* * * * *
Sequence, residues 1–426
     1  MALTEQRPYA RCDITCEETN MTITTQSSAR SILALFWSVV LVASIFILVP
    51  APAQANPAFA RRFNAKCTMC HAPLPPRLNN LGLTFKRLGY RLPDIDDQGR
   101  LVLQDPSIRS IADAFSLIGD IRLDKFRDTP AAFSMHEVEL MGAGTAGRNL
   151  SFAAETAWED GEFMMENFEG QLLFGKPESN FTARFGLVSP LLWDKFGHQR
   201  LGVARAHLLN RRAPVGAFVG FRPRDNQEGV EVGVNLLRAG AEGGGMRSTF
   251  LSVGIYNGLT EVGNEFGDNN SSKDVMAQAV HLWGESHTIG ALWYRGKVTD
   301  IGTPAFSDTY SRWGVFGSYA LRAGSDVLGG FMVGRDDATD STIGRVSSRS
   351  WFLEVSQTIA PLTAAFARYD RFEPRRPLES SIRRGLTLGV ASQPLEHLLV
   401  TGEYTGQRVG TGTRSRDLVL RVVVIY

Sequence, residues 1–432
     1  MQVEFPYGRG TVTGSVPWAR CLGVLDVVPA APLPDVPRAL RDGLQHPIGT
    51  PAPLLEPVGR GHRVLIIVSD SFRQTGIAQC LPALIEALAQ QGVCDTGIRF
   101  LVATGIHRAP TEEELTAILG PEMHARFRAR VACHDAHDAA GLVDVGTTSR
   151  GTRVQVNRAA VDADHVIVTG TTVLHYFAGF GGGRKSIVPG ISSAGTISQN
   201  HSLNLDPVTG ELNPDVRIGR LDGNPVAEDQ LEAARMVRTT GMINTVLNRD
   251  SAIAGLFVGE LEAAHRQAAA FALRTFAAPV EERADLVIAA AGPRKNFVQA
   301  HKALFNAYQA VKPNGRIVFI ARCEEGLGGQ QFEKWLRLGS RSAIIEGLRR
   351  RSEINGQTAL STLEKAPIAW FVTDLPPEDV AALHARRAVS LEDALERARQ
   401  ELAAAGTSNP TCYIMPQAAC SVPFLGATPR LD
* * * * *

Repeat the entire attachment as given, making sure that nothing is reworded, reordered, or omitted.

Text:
Sequence, residues 1–426
     1  MALTEQRPYA RCDITCEETN MTITTQSSAR SILALFWSVV LVASIFILVP
    51  APAQANPAFA RRFNAKCTMC HAPLPPRLNN LGLTFKRLGY RLPDIDDQGR
   101  LVLQDPSIRS IADAFSLIGD IRLDKFRDTP AAFSMHEVEL MGAGTAGRNL
   151  SFAAETAWED GEFMMENFEG QLLFGKPESN FTARFGLVSP LLWDKFGHQR
   201  LGVARAHLLN RRAPVGAFVG FRPRDNQEGV EVGVNLLRAG AEGGGMRSTF
   251  LSVGIYNGLT EVGNEFGDNN SSKDVMAQAV HLWGESHTIG ALWYRGKVTD
   301  IGTPAFSDTY SRWGVFGSYA LRAGSDVLGG FMVGRDDATD STIGRVSSRS
   351  WFLEVSQTIA PLTAAFARYD RFEPRRPLES SIRRGLTLGV ASQPLEHLLV
   401  TGEYTGQRVG TGTRSRDLVL RVVVIY

Sequence, residues 1–432
     1  MQVEFPYGRG TVTGSVPWAR CLGVLDVVPA APLPDVPRAL RDGLQHPIGT
    51  PAPLLEPVGR GHRVLIIVSD SFRQTGIAQC LPALIEALAQ QGVCDTGIRF
   101  LVATGIHRAP TEEELTAILG PEMHARFRAR VACHDAHDAA GLVDVGTTSR
   151  GTRVQVNRAA VDADHVIVTG TTVLHYFAGF GGGRKSIVPG ISSAGTISQN
   201  HSLNLDPVTG ELNPDVRIGR LDGNPVAEDQ LEAARMVRTT GMINTVLNRD
   251  SAIAGLFVGE LEAAHRQAAA FALRTFAAPV EERADLVIAA AGPRKNFVQA
   301  HKALFNAYQA VKPNGRIVFI ARCEEGLGGQ QFEKWLRLGS RSAIIEGLRR
   351  RSEINGQTAL STLEKAPIAW FVTDLPPEDV AALHARRAVS LEDALERARQ
   401  ELAAAGTSNP TCYIMPQAAC SVPFLGATPR LD